Mutual Acquiescence or Mutual Aid? by Ron Sakolsky
LBC Books, PO Box 3920, Berkeley, CA 94703
Review by A. Iwasa
Radio Tree Frog’s Ron Sakolsky coined the term “mutual acquiescence” in 2006 and its evolution from his article “Why Misery Loves Company” in Green Anarchy to this book. In this lengthy essay, he states “What I call mutual acquiescence is the polar opposite of the anarchist concept of mutual aid in that it paralyzes revolt rather than facilitating it.” Sakolsky rapidly expands on this in the main body of the text.
The essay moves through past eras of Anarchist thought and action with a refreshingly non-sectarian perspective. He also goes about connecting the concept of mutual acquiescence to past Anarchists’ and others’ ideas of voluntary servitude or similar schools of thought such as the Surrealists’ miserabilism. There is a brief but blanketing denunciation of “identity politics” as a form of mutual acquiescence that I suppose shouldn’t be a surprise. But I never agree with anyone 100% of the time, so it’s a bitter pill but easy enough to swallow.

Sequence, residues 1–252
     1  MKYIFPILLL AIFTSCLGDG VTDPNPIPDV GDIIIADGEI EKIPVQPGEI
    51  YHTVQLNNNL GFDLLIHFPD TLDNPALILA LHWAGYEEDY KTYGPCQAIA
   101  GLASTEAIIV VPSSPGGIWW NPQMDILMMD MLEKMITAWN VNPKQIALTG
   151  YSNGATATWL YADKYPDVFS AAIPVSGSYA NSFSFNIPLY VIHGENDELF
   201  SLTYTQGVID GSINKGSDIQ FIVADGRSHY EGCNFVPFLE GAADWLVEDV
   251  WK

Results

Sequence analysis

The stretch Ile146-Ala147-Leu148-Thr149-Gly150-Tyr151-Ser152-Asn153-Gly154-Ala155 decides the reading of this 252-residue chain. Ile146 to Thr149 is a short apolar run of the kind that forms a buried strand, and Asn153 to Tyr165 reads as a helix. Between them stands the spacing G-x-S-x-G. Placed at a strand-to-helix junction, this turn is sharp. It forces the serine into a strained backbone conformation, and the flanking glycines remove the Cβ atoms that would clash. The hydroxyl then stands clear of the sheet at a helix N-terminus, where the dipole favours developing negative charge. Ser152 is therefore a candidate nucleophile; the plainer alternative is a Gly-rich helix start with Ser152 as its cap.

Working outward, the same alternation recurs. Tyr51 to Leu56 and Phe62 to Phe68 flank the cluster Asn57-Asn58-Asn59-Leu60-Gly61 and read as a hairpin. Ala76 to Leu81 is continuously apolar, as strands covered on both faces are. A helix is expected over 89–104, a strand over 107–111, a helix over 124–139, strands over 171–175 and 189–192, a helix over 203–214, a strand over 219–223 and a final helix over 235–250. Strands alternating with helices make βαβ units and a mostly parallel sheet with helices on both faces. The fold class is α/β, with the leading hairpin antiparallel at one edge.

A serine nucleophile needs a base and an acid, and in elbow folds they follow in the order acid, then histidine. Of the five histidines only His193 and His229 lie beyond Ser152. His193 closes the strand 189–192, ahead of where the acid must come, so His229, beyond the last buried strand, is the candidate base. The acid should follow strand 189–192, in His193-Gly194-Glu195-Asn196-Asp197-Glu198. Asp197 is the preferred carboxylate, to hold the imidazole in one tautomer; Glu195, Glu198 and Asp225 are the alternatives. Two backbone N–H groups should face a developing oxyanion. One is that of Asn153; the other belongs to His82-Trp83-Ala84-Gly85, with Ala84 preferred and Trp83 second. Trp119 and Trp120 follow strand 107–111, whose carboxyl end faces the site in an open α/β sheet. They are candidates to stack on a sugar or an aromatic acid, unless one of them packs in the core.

Contrary to the title, Sakolsky goes on to point out how there are more ways to think and live outside of a mutual aid or acquiescence binary, such as Desert’s “active disillusionment,” still arguably a form of mutual aid. He also acknowledges that we can find wisdom in Marxism, specifically within the work of Antonio Gramsci. But make no mistake; Sakolsky is no friend of state Communism. For example, Poland’s 1980s oppositional Socialist Surrealist Orange Alternative is described a length.
Essentially there’s something in here for everyone with an open mind but especially for Anarchists and Fellow Travelers. It’s very philosophical, but grounded solidly in practice. The book is all over the place, but never loses focus. If you’re Anarcho-curious, this would be a great place to start. If you’re a long-time Anarcho-committed whatever, it’s a great refresher.